Funnily enough I think his treatment of Malcolm McDowell in a Clockwork Orange was far worse than what happened to the actors in The Shining. That movie has extended scenes of some pretty brutal torture and Kubrick physically beat the shit out of McDowell including almost blinding him. Although McDowell seemed to love working with Kubrick in hindsight so maybe he was into that.
 
Funnily enough I think his treatment of Malcolm McDowell in a Clockwork Orange was far worse than what happened to the actors in The Shining. That movie has extended scenes of some pretty brutal torture and Kubrick physically beat the shit out of McDowell including almost blinding him. Although McDowell seemed to love working with Kubrick in hindsight so maybe he was into that.
The only bad thing he ever said about Kubrick was how disappointed he was that he never kept in touch after shooting the film. Arduous a shoot as it was, McDowell was really damn proud of the work he did with Kubrick, and I know that both Jack Nicholson and Shelley Duvall have said as much themselves on The Shining.

I won't suggest that Kubrick's behavior towards some of his actors was beyond reproach, but I do think that some actors also know what a director is going for in terms of eliciting the kind of performance that the film needs, and in spite of the misgivings they have with the production otherwise, the actors do place a lot of faith in a director of that caliber to do just that, for better and for worse.
 

Git

Member
Oct 26, 2017
3,624
Shelly was amazing in this film, what is this title. Kubrick worked those two extremely hard for The Shining, doing take after take, and eventually using a later take from when both actors were exhausted.
 

Donald Draper

Member
Feb 2, 2019
2,157
A lot of contemporary critics and fans were expecting a straightforward adaptation of the book, so when it turned it wasn't and did its own thing altogether, it was tough for them to reconcile with what they wound up getting, especially with King being so outspoken on his dislike of the film even back then. Not that it's anything new for Kubrick in particular, since so few of his films had overwhelmingly positive reception on their release, but it's hard to imagine what the world of horror films would have been like had the film not turned out exactly the way that it did, and I can't even imagine how folks who despised it back when it was new would think of its reception these days.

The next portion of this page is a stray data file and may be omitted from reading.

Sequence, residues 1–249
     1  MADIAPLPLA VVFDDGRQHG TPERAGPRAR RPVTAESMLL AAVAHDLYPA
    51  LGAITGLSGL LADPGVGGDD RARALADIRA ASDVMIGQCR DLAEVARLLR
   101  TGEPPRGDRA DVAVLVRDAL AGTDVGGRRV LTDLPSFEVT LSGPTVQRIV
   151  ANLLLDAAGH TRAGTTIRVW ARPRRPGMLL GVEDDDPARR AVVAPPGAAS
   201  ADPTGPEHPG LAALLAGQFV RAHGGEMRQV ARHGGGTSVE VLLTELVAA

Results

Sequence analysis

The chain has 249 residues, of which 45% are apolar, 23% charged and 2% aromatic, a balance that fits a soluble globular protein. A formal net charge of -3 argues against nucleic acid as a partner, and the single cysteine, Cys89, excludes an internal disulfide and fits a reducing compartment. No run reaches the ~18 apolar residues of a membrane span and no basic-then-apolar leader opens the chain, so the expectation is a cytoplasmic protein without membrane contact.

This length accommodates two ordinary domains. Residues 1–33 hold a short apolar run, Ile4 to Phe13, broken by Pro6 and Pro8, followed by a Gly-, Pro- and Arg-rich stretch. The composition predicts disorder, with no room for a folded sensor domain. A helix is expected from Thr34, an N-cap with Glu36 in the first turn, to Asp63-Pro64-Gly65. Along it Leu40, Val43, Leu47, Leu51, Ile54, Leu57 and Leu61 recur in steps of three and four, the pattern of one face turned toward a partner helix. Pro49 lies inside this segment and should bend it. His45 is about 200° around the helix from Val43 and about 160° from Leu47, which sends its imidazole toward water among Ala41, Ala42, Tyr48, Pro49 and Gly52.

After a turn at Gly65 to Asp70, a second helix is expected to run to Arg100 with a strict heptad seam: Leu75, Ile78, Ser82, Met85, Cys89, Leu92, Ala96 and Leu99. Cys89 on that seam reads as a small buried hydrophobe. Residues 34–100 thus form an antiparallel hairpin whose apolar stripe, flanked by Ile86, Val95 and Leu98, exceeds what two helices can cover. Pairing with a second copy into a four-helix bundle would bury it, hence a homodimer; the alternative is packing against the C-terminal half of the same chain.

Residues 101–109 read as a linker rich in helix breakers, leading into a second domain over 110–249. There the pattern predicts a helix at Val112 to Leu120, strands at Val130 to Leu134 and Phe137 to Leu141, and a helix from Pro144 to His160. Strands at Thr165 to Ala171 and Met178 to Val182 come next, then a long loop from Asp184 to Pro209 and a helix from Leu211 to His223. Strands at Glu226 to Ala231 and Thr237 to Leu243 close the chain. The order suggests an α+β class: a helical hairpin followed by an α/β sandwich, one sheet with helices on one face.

Well said. It is the worst kind of criticism, to me. Critiquing something based on expectation and what it isnt, instead of what it is. Still happens today.

The Thing was another film that was misunderstood at release and something that would have changed John Carpenter's career had it turned out different.
 

captaincunk

Member
Dec 29, 2018
70
How is he being an asshole in this video? This is what filmmaking is. Sometimes people get frustrated on set. Big fucking deal.

As someone who has been on sets, this is so mild it isn’t even worth worrying about.
Agreed, if Shelly was forced to do the movie then sure you can argue that Kubrick was being a prick. Look no further than James Franco & Hitchcock if you want actual examples of assholery at its finest.
 

BlueTsunami

Member
Oct 29, 2017
3,686
I feel as though, if there was an actual character arch in this film outside of the descent into madness, it would not have been nearly as lean as it is. I mean, there is not one ounce of fat on this film and it's one of the reasons it is so striking.